God of Mercy
Nwoka’s debut feels like a dream, or a fable, or something in between . . . Recommended for fans of Nnedi Okorafor’s Remote Control or Nghi Vo’s The Empress of Salt and Fortune. — Ashley Rayner, Booklist
[God of Mercy] owes a debt to Chinua Achebe’s Things Fall Apart, revising that novel’s message for the recent past . . . A well-turned dramatization of spiritual and social culture clashes. — Kirkus Reviews
God of Mercy is a profound exploration of religion, faith, and compassion from a gifted storyteller. Okezie Nwọka creates a richly imagined postcolonial landscape that is at once otherworldly, tragically human, and completely unforgettable. — Maisy Card, author of These Ghosts are Family
God of Mercy isn’t just a heart-stopping debut—it’s a complete decolonization of the novel, a resounding rejection of the white gaze, a chronicle of a history that has for too long gone untold. This book is at the forefront of a new generation of postcolonial novels, and Nwoka’s talent is unmatched. — R.A. Frumkin, author of The Confidence
This stirring coming-of-age story holds its own in a recent wave of feminist fiction set in Africa. — Publishers Weekly
In Okezie Nwọka’s dazzling and disquieting novel God of Mercy, battles between gods reignite a war between religions . . . Rife with magical realism and full of promise . . . God of Mercy undertakes a scrupulous review of the destructive power of colonialism through an imprisoned, gifted girl. — George Hajjar, Starred Review, Foreword Reviews
Nwoka trusts readers to follow the story without much expository cultural background, and the result feels authentic and organic. Book clubs looking for stories to inspire deep discussion need look no further. — Shelf Awareness
God of Mercy is an elegantly written, morally rigorous exploration of tradition and belonging. Reminiscent of Toni Morrison’s inventive language-making and Chinua Achebe’s decolonizing legacy, Okezie Nwọka is a masterful storyteller, and a writer of unusual grace. — Alexia Arthurs, author of How to Love a Jamaican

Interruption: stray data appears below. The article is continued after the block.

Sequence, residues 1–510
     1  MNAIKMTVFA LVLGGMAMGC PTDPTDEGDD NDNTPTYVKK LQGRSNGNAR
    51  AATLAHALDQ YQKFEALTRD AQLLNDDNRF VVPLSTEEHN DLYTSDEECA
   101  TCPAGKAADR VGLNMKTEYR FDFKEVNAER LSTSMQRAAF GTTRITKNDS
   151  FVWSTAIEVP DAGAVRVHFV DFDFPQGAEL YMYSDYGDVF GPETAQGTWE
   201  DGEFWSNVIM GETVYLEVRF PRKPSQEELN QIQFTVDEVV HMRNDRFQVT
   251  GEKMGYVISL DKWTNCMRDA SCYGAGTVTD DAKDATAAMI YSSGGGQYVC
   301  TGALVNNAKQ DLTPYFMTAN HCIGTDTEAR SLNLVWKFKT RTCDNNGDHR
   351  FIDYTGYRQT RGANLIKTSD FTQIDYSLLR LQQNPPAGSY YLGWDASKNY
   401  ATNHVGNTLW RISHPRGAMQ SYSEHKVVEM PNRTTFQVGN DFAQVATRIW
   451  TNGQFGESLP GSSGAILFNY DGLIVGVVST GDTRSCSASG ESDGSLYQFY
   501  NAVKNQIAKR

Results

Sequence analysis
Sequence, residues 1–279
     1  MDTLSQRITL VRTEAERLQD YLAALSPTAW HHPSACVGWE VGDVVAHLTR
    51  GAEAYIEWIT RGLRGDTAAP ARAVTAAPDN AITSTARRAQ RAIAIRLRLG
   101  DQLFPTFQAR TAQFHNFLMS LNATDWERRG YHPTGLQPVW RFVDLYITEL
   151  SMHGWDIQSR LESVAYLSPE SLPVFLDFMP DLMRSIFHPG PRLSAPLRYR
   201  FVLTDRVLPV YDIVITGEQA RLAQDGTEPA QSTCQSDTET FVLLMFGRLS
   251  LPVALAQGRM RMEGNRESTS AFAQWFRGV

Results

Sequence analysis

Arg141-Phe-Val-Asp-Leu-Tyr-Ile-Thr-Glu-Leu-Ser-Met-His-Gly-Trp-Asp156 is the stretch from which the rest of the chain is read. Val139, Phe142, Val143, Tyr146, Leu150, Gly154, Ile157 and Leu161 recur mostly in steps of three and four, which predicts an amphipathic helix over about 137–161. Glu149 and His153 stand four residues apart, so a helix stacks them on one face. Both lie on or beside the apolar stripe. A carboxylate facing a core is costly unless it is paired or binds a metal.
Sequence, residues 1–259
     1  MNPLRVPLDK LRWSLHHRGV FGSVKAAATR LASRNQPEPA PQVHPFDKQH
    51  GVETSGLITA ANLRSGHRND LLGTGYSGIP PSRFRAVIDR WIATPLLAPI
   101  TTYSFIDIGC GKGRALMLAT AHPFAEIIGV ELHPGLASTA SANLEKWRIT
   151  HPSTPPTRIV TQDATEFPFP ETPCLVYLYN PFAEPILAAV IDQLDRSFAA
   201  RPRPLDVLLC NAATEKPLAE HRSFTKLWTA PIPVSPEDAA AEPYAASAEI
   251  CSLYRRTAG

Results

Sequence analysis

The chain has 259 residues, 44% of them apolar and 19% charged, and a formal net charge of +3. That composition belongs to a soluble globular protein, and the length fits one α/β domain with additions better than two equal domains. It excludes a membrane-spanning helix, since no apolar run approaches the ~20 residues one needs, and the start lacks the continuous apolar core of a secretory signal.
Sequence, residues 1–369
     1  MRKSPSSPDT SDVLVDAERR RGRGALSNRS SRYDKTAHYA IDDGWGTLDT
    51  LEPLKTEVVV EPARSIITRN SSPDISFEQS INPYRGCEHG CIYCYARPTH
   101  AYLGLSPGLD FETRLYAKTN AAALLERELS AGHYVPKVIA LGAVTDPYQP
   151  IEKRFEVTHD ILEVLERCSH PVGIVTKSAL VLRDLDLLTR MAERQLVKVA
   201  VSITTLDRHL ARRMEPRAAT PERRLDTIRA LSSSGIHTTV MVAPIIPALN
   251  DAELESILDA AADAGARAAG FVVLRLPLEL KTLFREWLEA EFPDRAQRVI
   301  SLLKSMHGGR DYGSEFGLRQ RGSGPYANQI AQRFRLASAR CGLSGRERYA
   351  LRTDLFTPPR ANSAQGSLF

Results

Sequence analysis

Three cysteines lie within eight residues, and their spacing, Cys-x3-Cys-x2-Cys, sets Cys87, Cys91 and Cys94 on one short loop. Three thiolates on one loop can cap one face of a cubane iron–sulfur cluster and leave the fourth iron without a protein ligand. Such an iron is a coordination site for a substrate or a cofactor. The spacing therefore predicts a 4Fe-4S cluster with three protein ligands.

…the prose is rhythmic and stylish … A well-turned dramatization of spiritual and social culture clashes. — Kirkus Reviews
While this tremendous work is most readily described as magical realism or as a work of fable, God of Mercy is too powerful to stay within the confines of a single genre . . . Written in verse that recalls the rhythm of fables, Nwoka eloquently details the perseverance and thriving of a young woman descended from a people who have resisted colonization at every turning point in history. — Maya C. James, Locus Magazine
What an incisive contemplation of being in the world. I read this book with awe and gratitude. It is a love letter to a world in which multiple ways of being may be celebrated. Through their meditation on igbo ontology and its colonial defilement, Nwọka invites us into an exquisite exploration of flight and abandonment, evoking stories that are as old as they are new, timeless as they are timely. — Novuyo Tshuma, author of House of Stone
Significantly, the novel ends not with a new word but an old one sung to a ‘new people’ […] The healing and rescue wrought at the end of God of Mercy do not derive from colonial Christianity or even a new interpretation of the old ways but through faithfulness to longstanding Igbo wisdom: that every person is ‘as the Other,’ and that life derives from this profound respect for difference. This
lesson—a lesson of mercy—is itself the motivation for the people’s turning away from sacrifice and enforced exile. — Cynthia R. Wallace, Ploughshares
Homegoing meets Black Leopard, Red Wolf, Okezie Nwoka’s debut novel is a powerful reimagining of a history erased.
In the Igbo village of Ichulu, the people’s worship of their gods is absolute, and their adherence to tradition has allowed them to evade colonization. But the village is reckoning with changes, including a war between gods signaled by Ijeoma, a girl who can fly.
As tensions grow between Ichulu and its neighboring colonized villages, Ijeoma is forced into exile. Reckoning with her powers and suffering through isolation, she comes to understand the truth of merciful love.
A sprawling cast of characters presented in lyrical prose, God of Mercy reimagines the nature of tradition and cultural heritage. Establishing a folklore of the uncolonized, it is a novel built in diaspora, wrestling with gods, confronting demons, and contending with the notion of discovering one’s true purpose.